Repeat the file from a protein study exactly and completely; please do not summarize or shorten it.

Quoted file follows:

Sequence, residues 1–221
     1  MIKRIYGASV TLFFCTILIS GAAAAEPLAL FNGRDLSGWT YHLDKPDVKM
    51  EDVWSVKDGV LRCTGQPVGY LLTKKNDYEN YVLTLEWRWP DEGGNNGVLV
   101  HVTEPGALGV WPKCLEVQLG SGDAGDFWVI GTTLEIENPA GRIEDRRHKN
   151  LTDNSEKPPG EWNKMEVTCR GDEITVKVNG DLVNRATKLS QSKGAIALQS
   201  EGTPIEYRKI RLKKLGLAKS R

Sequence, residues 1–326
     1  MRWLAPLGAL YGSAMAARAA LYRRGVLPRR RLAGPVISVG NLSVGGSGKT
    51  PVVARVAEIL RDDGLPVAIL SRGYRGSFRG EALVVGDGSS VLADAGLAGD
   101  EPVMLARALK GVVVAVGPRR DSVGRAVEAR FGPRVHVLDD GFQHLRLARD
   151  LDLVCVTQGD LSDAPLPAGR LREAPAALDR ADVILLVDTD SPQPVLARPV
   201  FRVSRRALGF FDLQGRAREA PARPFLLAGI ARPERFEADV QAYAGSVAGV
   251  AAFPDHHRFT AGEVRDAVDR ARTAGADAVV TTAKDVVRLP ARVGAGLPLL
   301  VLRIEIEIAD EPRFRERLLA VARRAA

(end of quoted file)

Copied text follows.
Sequence, residues 1–221
     1  MIKRIYGASV TLFFCTILIS GAAAAEPLAL FNGRDLSGWT YHLDKPDVKM
    51  EDVWSVKDGV LRCTGQPVGY LLTKKNDYEN YVLTLEWRWP DEGGNNGVLV
   101  HVTEPGALGV WPKCLEVQLG SGDAGDFWVI GTTLEIENPA GRIEDRRHKN
   151  LTDNSEKPPG EWNKMEVTCR GDEITVKVNG DLVNRATKLS QSKGAIALQS
   201  EGTPIEYRKI RLKKLGLAKS R

Sequence, residues 1–326
     1  MRWLAPLGAL YGSAMAARAA LYRRGVLPRR RLAGPVISVG NLSVGGSGKT
    51  PVVARVAEIL RDDGLPVAIL SRGYRGSFRG EALVVGDGSS VLADAGLAGD
   101  EPVMLARALK GVVVAVGPRR DSVGRAVEAR FGPRVHVLDD GFQHLRLARD
   151  LDLVCVTQGD LSDAPLPAGR LREAPAALDR ADVILLVDTD SPQPVLARPV
   201  FRVSRRALGF FDLQGRAREA PARPFLLAGI ARPERFEADV QAYAGSVAGV
   251  AAFPDHHRFT AGEVRDAVDR ARTAGADAVV TTAKDVVRLP ARVGAGLPLL
   301  VLRIEIEIAD EPRFRERLLA VARRAA